A fascinating presentation is taking place Wednesday in Stockholm, and the subject is the neurological brain damage suffered by Muhammad Ali over the course of his legendary boxing career.
From current news reports alone, there's little doubt that this scientific study will receive widespread – even global – attention once the details of the research are made available. That's because of what we already know about this intriguing research – specifically, the correlation being made between the boxer's deteriorating speech patterns to the head trauma Ali suffered year after year inside the ring.
In its attempt to show how head blows early in his career led to Ali's brain damage and slurred speech of his later years, the research team devised an interesting metric called "syllables per second." It was derived from analyzing his public remarks between 1968 and 1981, which they used to indicate how quickly Ali spoke at different times of his career, and later in his remarkable life, which ended last year at the age of 74.
Alongside this data, the team engaged a boxing statistics company to learn how many punches, fight by fight, that struck the head of the former heavyweight champ over his two-decade career. It's brilliant work, as it gives us unique insight into the timing, as well as the extent, of Ali's linguistic demise into Parkinson's syndrome, which was diagnosed in 1984, three years after his last professional fight.
Yet while it's eye-opening and attention-getting material being presented at this conference, Interspeech 2017, it's also worth noting that as far as we can tell now, while these two data sets appear to have a cause-and-effect relationship they are not necessarily or scientifically connected.
More exactly, what we're being shown by Professor Julie Liss and Asst. Prof. Visar Berisha, speech scientists at Arizona State University who conducted the research, is a surrogate measurement for tracking Ali's deteriorating brain function. As my colleague Dr. Josh Bloom points out, that is an indirect way to detect or quantify events or effects. And while surrogate measurements can be extremely accurate, they also can veer off into the territory of a plausible explanation or educated guess. Which is why we should retain a healthy skepticism when evaluating these results.
Here are two examples of surrogate measurements, involving urine, the first quite good and the second one terribly lacking.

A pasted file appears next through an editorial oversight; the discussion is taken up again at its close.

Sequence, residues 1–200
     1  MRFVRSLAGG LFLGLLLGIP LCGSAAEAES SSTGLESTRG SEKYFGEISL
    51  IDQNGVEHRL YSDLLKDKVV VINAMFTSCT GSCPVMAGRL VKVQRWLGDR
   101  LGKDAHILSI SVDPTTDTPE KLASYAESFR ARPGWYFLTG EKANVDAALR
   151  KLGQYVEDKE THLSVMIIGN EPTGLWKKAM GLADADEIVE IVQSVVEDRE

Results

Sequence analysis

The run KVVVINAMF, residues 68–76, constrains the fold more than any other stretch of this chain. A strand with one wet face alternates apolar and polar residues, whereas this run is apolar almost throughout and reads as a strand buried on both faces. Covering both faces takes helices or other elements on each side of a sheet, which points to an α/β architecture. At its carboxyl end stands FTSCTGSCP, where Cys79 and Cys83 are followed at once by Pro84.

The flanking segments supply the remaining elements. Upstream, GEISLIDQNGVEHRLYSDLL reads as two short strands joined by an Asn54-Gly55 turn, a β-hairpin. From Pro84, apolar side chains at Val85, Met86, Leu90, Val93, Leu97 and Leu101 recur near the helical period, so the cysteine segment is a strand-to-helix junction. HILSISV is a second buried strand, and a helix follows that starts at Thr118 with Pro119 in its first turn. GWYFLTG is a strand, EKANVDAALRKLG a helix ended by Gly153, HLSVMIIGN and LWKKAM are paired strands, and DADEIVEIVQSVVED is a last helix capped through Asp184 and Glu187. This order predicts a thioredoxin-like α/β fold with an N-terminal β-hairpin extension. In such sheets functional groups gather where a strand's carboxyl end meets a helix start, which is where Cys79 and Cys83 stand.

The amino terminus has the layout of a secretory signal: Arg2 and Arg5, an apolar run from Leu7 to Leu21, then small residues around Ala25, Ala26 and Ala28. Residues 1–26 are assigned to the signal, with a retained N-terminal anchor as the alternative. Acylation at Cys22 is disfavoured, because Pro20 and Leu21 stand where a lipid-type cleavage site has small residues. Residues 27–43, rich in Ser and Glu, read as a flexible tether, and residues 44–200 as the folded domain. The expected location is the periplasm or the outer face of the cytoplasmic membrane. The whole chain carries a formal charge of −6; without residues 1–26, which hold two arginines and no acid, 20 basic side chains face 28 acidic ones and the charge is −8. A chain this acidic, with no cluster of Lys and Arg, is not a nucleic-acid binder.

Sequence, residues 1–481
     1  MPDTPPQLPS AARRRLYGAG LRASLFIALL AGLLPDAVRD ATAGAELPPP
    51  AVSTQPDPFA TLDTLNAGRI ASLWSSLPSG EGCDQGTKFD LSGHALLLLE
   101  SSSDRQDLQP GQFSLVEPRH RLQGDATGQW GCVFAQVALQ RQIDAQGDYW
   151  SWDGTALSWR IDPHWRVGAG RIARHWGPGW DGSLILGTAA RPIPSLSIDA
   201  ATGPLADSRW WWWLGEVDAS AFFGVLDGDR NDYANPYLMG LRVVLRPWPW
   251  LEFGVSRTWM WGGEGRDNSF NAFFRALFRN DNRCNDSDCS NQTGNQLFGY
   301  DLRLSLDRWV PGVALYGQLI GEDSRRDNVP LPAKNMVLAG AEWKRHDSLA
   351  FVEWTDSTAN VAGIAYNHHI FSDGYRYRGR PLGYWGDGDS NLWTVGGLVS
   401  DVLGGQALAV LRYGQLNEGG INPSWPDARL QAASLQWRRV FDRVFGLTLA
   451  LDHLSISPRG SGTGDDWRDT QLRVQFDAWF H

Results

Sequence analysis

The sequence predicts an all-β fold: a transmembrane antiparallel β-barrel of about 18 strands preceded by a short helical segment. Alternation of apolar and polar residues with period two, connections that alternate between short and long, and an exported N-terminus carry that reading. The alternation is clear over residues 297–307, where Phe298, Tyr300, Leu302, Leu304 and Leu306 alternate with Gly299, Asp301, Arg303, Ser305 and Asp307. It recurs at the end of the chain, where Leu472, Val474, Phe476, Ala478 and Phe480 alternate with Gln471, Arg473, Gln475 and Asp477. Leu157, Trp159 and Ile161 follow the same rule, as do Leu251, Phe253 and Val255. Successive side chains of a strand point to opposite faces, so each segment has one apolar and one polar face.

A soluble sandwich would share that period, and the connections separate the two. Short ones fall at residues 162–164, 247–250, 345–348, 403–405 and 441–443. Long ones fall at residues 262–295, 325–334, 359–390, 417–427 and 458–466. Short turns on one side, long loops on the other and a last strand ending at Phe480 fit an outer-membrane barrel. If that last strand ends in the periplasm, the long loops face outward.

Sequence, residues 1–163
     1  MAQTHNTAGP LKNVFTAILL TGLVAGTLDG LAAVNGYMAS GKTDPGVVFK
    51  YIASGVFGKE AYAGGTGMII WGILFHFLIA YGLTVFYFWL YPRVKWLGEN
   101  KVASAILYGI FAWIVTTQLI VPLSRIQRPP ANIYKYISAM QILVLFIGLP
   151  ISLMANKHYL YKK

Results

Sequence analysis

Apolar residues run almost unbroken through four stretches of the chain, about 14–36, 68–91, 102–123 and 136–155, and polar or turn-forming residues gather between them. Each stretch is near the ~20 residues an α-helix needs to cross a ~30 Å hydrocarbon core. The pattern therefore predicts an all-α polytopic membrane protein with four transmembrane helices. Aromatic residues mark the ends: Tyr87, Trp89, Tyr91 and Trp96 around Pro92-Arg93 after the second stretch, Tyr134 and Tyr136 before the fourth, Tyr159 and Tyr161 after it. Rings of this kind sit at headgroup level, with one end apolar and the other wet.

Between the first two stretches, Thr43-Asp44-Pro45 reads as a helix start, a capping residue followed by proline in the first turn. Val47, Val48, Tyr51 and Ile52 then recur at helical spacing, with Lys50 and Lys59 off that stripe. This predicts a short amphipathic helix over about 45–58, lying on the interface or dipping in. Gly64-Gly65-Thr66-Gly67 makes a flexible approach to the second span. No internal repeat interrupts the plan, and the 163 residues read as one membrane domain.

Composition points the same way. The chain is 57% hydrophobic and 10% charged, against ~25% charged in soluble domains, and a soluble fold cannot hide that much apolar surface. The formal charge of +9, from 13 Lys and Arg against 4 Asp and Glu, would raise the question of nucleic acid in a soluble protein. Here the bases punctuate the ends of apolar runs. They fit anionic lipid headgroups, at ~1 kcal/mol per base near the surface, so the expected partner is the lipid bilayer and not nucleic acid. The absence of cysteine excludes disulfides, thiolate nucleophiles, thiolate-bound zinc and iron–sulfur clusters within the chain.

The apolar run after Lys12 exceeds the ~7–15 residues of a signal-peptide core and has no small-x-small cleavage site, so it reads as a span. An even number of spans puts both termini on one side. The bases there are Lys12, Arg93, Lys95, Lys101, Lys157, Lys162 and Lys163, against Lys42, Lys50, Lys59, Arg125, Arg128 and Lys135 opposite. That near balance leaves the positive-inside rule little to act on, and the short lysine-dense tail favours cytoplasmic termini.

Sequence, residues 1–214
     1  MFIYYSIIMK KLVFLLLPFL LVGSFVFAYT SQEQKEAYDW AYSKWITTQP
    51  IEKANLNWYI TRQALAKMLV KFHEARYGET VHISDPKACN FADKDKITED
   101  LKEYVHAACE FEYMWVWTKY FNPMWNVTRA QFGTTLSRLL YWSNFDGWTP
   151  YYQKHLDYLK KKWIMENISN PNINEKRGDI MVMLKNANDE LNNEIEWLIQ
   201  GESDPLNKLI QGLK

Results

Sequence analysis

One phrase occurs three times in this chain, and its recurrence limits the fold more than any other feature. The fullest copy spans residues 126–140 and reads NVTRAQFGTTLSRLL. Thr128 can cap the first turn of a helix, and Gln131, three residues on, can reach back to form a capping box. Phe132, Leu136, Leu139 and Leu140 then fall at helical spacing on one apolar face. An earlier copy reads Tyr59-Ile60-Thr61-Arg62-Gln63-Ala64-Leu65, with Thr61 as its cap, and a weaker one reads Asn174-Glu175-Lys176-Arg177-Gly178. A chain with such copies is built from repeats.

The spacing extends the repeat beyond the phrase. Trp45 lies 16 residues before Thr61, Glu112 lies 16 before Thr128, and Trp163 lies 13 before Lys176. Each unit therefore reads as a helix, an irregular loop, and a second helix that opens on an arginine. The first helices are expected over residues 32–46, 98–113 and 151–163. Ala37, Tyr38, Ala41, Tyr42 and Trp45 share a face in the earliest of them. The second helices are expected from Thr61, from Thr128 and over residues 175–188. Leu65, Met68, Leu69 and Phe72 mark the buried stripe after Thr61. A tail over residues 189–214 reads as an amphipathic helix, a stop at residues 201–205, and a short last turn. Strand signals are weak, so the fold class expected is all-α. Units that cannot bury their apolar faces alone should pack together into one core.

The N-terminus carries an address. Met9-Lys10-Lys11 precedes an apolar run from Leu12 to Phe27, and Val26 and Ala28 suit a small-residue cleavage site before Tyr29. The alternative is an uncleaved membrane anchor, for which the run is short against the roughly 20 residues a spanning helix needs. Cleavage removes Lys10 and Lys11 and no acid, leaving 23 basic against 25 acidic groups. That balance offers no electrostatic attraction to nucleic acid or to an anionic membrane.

First: Referring to one of Dr. Bloom's articles he states that, "the scientists used the presence of an artificial sweetener in pools as a surrogate for urine, since the only way that the sweetener could get in the pool would be if someone ingested it and peed in the pool."
Second, he says: "The measurement of BPA in urine is not a good measure of any toxicological effects or even the exposure level. This is because all of us have traces of BPA in our urine because any that we ingest is rapidly excreted in the urine. The amount in the urine tells us nothing about the amount in the blood, or the effect on health."
Using syllables/second as the surrogate to gauge Ali's relative brain health, here's what the researchers found, as cited by The Wall Street Journal:
"In 1968, Ali spoke at a rate of 4.1 syllables per second, which is close to average for healthy adults. By 1971, his rate of speech had fallen to 3.8 syllables per second, and it continued sliding steadily, year by year, fight by fight. An ordinary adult would see little or no decline in his speaking rate between the ages of 25 and 40, but Ali experienced a drop of more than 26% in that same period."
Not only that, immediate cognitive impacts were detected after individual fights. After a particularly brutal bout against Ernie Shavers in 1977, when Ali absorbed 266 blows – 209 of which were termed "power punches" by CompuBox Inc., the boxing statistics firm – the former champ's speech slowed dramatically. (Picture via Google Images.)
"Before his fight with Shavers, Ali spoke at a rate of 3.7 syllables per sec," the newspaper reported. "After the fight, his speaking rate fell 16% to 3.1 syllables per sec."
Changes in speech can be early indicators of brain damage or disease. Moreover, what we're learning about blows to the head as it relates to CTE, or chronic traumatic encephalopathy, is providing us with new clues in assessing brain injuries. However, it would be wise to remain clear-headed when intriguing, provocative information like this becomes available. At the same time, we're anxious to see what other findings emerge at this Swedish conference about Ali, once known as "The Louisville Lip" for his irrepressible demeanor, and of all things, his eagerness to talk.